3825Evanston couple must give up Korean baby
- Mar 5, 2013Evanston couple must give up Korean baby
By Lisa Black Tribune reporter
6:30 a.m. CST, March 5, 2013
An Evanston couple accused of circumventing South Korean adoption laws
have lost their bid to keep a 9-month-old girl whom they've raised
since shortly after her birth, with the baby scheduled to return to
her native country Wednesday, officials have confirmed.
Jinshil and Christopher Duquet have said they relied on bad legal
advice and thought they were participating in a lawful private
adoption of the baby, Sehwa, in June.
But when Jinshil Duquet initially tried to enter the U.S. with the
baby, authorities at O'Hare International Airport found she lacked the
required paperwork for an adoption. After that, South Korean and U.S.
officials intervened and fought in local and federal courts for the
"It looks like South Korea has prevailed," said Nancy Pender, a
spokeswoman for Schiller DuCanto & Fleck, the law firm representing
the South Korean government in the case.
She declined to provide details about what triggered the action or how
the baby's deportation will be handled. The Duquets had been pursuing
a private adoption through Cook County Circuit Court in proceedings
that are closed to the public. The court most recently heard the case
Thursday, Pender said.
The Duquets, through their lawyers, declined comment. The couple have
said that if they must give up the baby, they want their goodbyes to
"The case didn't work out, basically," said one of their lawyers,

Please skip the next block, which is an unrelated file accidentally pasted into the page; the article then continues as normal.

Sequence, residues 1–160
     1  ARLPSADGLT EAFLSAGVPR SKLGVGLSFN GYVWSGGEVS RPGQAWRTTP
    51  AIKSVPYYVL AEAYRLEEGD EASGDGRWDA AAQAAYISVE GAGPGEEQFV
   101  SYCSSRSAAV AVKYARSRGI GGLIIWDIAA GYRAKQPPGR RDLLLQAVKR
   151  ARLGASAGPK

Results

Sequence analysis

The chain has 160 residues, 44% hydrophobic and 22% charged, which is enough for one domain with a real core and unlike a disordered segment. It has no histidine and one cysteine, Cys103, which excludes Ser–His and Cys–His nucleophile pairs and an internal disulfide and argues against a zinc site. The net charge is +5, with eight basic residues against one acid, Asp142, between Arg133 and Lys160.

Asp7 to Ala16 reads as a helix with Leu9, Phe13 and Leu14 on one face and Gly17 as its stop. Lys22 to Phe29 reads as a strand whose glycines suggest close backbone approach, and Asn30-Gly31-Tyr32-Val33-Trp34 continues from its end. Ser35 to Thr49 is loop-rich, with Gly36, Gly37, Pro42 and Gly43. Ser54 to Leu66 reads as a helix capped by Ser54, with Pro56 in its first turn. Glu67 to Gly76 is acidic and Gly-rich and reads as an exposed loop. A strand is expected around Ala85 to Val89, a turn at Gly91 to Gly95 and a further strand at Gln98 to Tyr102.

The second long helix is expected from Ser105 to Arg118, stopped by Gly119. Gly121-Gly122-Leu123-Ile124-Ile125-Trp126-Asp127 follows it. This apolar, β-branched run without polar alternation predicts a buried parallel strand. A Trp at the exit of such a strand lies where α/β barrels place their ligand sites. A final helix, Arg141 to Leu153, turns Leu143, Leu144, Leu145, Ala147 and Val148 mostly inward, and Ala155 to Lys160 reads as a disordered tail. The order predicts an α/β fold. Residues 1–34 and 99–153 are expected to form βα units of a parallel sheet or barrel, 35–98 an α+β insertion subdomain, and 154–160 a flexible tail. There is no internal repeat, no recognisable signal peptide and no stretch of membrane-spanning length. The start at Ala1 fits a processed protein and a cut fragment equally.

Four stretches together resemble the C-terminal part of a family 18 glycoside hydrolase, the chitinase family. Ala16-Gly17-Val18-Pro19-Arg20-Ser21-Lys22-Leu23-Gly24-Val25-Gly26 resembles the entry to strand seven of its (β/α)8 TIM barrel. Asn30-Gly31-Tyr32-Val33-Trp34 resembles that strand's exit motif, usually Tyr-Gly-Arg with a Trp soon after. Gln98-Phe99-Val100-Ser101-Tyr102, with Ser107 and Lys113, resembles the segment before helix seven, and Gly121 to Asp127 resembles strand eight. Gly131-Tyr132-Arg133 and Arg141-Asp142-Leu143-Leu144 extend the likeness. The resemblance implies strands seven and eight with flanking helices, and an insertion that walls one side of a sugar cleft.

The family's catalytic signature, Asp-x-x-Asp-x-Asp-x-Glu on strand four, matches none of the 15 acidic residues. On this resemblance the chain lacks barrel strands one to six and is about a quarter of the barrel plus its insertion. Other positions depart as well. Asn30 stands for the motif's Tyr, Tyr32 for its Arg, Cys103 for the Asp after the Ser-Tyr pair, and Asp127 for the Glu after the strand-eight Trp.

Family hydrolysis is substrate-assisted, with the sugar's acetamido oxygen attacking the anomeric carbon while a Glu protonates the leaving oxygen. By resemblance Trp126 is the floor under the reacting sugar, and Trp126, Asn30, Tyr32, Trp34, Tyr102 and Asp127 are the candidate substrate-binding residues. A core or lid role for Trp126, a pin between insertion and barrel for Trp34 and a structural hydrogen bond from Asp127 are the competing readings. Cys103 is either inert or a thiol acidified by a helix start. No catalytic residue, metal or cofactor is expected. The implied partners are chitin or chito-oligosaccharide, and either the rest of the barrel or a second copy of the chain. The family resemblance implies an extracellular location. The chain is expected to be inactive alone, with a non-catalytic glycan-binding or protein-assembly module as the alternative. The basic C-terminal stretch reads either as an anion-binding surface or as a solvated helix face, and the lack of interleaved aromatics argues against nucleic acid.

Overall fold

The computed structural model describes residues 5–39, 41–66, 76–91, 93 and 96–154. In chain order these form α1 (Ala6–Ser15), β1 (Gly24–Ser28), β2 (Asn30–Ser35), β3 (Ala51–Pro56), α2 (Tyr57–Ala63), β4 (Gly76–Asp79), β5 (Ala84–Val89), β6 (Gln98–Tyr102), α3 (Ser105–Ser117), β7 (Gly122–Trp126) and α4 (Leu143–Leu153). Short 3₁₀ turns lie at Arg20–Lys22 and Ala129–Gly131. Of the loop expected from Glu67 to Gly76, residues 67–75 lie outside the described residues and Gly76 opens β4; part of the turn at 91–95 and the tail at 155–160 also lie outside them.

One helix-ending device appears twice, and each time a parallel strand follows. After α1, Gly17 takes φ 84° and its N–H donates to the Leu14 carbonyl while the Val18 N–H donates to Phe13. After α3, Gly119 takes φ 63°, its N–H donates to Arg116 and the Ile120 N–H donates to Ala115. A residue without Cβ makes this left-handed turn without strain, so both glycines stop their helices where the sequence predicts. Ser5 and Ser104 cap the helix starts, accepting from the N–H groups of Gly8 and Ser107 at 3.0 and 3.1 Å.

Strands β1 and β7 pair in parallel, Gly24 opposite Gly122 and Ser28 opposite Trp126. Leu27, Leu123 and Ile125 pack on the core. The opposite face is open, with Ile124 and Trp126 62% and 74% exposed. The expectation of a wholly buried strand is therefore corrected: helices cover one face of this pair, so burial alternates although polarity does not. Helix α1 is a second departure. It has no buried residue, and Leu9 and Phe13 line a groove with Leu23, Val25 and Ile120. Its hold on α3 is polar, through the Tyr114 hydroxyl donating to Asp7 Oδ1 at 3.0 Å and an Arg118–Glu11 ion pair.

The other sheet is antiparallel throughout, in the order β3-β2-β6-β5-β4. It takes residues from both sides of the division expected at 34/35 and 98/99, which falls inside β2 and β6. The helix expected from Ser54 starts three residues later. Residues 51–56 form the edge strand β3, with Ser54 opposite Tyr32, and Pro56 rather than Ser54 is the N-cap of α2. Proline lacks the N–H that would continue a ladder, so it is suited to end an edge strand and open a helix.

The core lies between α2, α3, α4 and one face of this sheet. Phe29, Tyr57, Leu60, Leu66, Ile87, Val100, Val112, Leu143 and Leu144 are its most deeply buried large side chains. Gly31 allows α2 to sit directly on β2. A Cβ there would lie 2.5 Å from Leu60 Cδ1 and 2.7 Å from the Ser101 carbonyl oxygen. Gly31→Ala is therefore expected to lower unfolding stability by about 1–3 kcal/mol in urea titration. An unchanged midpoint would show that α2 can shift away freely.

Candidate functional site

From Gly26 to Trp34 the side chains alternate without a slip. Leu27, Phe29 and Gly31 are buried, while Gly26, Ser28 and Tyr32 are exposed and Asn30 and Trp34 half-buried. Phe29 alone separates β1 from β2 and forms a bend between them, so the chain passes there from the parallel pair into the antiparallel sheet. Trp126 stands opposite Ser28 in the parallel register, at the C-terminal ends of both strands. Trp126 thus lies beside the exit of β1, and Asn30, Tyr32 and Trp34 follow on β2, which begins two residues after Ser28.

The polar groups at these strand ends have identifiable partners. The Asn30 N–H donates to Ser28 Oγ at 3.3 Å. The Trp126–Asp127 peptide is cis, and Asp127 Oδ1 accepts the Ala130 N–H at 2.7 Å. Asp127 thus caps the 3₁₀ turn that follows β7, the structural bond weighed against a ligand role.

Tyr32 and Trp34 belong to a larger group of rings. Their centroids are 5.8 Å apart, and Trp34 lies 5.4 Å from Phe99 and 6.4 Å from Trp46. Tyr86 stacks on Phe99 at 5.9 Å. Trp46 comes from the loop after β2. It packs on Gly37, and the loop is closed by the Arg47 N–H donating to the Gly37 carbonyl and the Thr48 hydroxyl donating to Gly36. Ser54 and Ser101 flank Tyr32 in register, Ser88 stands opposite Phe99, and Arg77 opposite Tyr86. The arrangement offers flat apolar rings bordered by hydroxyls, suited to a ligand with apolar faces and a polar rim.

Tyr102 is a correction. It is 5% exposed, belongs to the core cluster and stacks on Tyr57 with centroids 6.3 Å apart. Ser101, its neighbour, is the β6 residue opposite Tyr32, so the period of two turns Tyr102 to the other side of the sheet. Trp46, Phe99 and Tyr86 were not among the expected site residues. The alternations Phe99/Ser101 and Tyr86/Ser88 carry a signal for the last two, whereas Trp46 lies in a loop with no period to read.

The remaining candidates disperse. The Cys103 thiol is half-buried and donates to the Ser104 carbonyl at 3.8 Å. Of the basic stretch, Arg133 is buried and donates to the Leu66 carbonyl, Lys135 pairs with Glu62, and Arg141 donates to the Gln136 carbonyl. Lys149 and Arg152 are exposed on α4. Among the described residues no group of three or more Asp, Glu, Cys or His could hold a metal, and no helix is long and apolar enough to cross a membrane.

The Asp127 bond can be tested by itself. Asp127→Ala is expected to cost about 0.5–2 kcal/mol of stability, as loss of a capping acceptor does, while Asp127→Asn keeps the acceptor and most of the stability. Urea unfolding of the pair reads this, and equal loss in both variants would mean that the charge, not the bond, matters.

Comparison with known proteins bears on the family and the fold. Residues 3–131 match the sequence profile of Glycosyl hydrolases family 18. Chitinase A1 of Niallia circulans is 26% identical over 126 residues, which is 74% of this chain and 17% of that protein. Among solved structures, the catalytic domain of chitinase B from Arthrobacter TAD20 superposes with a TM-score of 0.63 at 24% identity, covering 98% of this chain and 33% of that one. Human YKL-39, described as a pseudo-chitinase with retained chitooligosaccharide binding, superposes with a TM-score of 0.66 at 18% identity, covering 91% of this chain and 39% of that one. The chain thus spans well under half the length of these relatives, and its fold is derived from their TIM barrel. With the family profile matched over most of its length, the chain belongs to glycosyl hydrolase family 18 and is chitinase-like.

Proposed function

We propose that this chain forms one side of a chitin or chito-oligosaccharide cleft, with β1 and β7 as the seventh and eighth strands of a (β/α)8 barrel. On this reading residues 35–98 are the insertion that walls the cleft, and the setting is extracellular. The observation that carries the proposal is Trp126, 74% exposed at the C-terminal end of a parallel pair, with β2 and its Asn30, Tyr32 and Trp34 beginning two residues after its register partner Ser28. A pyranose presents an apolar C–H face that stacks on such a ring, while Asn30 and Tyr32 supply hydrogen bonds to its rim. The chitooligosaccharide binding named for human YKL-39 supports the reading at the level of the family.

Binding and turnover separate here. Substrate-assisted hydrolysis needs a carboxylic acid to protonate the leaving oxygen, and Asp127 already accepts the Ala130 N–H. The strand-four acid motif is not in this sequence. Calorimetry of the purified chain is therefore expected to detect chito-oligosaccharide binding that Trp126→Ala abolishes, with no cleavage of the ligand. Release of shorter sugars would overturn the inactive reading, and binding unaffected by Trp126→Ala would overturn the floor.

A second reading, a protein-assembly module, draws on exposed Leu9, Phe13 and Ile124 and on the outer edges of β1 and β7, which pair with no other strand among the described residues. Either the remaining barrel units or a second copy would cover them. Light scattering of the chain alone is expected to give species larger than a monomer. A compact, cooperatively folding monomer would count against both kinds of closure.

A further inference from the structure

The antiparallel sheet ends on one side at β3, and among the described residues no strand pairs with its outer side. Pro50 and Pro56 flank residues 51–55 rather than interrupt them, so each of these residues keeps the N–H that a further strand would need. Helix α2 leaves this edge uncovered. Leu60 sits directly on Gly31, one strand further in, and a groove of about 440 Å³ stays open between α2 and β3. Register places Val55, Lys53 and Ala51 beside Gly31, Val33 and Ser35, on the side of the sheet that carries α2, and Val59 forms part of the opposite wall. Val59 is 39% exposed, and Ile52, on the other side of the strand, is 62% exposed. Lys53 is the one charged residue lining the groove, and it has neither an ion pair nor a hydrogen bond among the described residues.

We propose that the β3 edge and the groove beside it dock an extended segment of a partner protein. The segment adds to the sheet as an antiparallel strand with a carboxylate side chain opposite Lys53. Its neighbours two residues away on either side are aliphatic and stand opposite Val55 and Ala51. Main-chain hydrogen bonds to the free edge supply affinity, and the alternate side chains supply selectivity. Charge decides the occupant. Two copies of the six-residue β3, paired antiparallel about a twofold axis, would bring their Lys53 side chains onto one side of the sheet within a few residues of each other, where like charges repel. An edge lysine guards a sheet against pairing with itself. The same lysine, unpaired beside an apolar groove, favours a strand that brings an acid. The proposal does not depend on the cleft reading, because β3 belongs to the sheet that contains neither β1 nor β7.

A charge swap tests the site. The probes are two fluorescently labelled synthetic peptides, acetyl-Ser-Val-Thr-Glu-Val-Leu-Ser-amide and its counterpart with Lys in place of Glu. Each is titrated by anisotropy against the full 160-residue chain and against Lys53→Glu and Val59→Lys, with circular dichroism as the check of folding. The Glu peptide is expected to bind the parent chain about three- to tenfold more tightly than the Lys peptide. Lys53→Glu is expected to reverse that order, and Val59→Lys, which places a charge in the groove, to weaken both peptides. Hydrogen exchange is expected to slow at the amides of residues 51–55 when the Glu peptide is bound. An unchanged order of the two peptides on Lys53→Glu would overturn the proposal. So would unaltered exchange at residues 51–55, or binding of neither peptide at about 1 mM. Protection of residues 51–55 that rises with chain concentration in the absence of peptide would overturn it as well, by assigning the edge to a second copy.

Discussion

Jamie Teich. "Our whole team of people here are saddened and
devastated by it."
Officials with the U.S. Department of Justice declined comment.
Sehwa will be placed with a South Korean family for adoption, as
opposed to an orphanage, Pender said.
The baby's birth mother and grandparents relinquished parental rights
to the Duquets and do not want the child back, officials agree. The
biological mother lives at a homeless shelter for unwed mothers and
already has another child, according to court testimony.
But South Korean officials say the Duquets skirted Korean laws by
failing to go through a licensed adoption agency. Jinshil Duquet, a
South Korea native who moved to the U.S. as a child, learned about the
baby through a pastor with ties to her family, she testified in court.
She contacted immigration lawyers in Chicago, who put her in touch
with a South Korean lawyer who said he could arrange for a private
adoption. The Duquets had earlier adopted an older daughter from South
Korea by going through an agency but were told they were too old under
South Korean law to follow the same procedures again.
The Duquets argued that, despite their mistakes, it was in Sehwa's
best interests to remain with them.
South Korea and other countries have tightened laws on foreign
adoptions in recent years to prevent trafficking and abuse, and the
South Korean government has provided new incentives for domestic
adoptions. Some experts say many South Korean children remain in
orphanages because of a cultural stigma against adoption and unwed
While Sehwa's situation "is tragic … it certainly points out to why
you follow the rules," said Susan Soonkeum Cox, spokeswoman for Holt
International Children's Services in Eugene, Ore., which arranges
She has just returned from South Korea, where the Duquets' case has
been covered extensively by news media.
"While people were sympathetic to everyone, within the adult adoptee
community, it was reinforced that you just can't willy-nilly get a
child," Cox said. "Children deserve to have the protection of
authorities and government."